The evolution of the treatment of traumatic cerebrovascular injury during wartime

Published

Journal Article

The approach to traumatic craniocervical vascular injury has evolved significantly in recent years. Conflicts prior to Operations Iraqi and Enduring Freedom were characterized by minimal intervention in the setting of severe penetrating head injury, in large part due to limited far-forward resource availability. Consequently, sequelae of penetrating head injury like traumatic aneurysm formation remained poorly characterized with a paucity of pathophysiological descriptions. The current conflicts have seen dramatic improvements with respect to the management of severe penetrating and closed head injuries. As a result of the rapid field resuscitation and early cranial decompression, patients are surviving longer, which has led to diagnosis and treatment of entities that had previously gone undiagnosed. Therefore, in this paper the authors' purpose is to review their experience with severe traumatic brain injury complicated by injury to the craniocervical vasculature. Historical approaches will be reviewed, and the importance of modern endovascular techniques will be emphasized.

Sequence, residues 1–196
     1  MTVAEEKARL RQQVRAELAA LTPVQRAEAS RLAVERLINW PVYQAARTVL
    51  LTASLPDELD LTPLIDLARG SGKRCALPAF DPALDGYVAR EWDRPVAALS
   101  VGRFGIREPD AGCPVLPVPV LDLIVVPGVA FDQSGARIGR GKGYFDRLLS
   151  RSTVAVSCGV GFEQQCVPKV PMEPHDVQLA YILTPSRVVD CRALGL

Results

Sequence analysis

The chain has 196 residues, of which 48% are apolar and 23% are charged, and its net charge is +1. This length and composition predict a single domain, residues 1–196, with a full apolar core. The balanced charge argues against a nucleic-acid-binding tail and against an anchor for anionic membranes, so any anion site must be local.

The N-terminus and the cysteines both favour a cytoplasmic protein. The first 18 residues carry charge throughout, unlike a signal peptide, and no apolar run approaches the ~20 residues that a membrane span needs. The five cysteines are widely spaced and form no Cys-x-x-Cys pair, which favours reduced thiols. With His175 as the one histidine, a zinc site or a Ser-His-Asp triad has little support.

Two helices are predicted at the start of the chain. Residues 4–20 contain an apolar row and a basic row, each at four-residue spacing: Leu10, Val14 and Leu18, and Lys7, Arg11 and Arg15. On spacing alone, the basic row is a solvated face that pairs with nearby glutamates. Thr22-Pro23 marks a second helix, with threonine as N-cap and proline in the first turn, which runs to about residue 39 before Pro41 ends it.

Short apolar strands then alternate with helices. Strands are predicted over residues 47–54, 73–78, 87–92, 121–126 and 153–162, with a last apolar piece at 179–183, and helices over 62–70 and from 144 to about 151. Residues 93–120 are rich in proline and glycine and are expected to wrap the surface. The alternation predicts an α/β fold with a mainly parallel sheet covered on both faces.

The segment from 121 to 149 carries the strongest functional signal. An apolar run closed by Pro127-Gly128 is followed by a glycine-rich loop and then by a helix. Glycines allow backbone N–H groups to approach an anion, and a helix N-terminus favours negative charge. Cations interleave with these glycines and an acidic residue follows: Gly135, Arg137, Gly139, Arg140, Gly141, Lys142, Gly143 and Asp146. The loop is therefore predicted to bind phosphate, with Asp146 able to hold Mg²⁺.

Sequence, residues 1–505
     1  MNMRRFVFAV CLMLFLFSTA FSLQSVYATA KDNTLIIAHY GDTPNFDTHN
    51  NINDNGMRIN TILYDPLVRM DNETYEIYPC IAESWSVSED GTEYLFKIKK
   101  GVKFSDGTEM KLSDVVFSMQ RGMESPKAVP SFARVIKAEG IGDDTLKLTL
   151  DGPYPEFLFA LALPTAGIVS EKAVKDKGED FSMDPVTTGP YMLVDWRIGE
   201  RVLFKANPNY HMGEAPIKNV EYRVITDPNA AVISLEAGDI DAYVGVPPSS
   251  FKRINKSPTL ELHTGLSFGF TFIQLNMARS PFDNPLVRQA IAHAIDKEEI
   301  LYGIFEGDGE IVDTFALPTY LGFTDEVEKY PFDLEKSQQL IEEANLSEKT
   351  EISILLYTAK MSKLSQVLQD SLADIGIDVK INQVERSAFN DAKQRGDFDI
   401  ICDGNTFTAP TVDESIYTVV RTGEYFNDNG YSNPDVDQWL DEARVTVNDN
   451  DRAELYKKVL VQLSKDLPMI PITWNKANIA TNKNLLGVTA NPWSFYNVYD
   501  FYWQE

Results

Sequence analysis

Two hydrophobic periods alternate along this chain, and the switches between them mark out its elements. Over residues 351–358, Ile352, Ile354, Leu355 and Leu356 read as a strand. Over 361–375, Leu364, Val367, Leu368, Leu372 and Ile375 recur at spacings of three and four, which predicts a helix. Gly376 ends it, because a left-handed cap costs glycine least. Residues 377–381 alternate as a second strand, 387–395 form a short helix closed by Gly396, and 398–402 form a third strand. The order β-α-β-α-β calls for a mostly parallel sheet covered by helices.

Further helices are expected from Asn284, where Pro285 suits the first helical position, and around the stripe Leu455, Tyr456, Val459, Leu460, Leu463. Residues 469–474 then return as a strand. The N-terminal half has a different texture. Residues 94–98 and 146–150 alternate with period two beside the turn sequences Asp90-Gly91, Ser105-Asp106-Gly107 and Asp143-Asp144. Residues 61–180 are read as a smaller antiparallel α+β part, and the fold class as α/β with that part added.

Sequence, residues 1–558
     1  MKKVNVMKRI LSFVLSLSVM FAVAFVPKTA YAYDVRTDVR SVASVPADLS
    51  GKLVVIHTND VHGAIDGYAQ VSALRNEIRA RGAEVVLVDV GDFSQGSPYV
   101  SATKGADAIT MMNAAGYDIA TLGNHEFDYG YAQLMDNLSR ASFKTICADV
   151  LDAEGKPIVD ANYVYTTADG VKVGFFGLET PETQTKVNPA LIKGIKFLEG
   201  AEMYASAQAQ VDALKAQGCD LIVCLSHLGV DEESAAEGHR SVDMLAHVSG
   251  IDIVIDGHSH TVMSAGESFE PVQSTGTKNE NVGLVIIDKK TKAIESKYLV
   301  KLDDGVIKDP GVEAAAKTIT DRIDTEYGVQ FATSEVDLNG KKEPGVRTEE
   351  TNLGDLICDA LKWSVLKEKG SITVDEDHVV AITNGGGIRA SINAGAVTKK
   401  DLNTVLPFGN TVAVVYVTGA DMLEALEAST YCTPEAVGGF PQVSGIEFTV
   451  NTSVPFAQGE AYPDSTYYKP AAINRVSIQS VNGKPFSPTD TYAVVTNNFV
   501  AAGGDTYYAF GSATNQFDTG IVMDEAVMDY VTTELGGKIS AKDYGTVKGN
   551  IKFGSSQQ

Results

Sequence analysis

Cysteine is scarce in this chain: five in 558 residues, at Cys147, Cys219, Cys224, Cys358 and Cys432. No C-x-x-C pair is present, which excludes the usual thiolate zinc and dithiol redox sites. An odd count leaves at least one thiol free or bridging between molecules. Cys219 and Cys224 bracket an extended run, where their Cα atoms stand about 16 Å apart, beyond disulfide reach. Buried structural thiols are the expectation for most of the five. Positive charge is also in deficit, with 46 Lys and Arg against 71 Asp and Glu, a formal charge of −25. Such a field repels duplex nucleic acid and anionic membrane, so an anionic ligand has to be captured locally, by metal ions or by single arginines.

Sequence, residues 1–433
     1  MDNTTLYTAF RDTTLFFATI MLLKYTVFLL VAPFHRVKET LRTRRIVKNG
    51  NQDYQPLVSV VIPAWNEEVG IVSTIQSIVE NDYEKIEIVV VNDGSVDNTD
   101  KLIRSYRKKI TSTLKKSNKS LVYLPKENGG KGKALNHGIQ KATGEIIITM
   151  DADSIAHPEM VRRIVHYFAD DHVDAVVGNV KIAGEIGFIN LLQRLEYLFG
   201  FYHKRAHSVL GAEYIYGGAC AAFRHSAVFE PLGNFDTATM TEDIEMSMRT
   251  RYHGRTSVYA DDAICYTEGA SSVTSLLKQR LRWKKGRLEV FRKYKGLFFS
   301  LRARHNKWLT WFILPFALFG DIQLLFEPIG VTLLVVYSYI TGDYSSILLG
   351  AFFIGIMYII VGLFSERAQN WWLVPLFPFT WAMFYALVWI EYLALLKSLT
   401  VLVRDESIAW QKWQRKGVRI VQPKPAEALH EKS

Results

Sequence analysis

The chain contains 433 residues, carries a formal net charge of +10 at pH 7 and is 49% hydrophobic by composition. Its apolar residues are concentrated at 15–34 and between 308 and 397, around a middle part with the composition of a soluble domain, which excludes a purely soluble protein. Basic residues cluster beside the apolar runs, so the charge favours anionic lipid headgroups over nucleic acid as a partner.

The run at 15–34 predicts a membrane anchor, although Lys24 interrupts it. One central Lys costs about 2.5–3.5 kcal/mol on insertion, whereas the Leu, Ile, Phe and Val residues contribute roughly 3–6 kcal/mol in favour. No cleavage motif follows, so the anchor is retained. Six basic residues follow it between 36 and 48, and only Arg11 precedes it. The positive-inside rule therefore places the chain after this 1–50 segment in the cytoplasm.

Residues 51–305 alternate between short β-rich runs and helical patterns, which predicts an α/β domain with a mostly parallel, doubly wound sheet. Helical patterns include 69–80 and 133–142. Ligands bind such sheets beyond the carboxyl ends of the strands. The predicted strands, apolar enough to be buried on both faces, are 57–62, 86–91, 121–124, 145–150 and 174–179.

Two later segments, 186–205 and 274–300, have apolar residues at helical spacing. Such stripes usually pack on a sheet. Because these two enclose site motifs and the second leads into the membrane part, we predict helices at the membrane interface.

Full Text

Duke Authors

Cited Authors

  • Bell, RS; Ecker, RD; Severson, MA; Wanebo, JE; Crandall, B; Armonda, RA

Published Date

  • May 2010

Published In

Volume / Issue

  • 28 / 5

Start / End Page

  • E5 - E5

Published By

Electronic International Standard Serial Number (EISSN)

  • 1092-0684

Digital Object Identifier (DOI)

  • 10.3171/2010.2.focus1025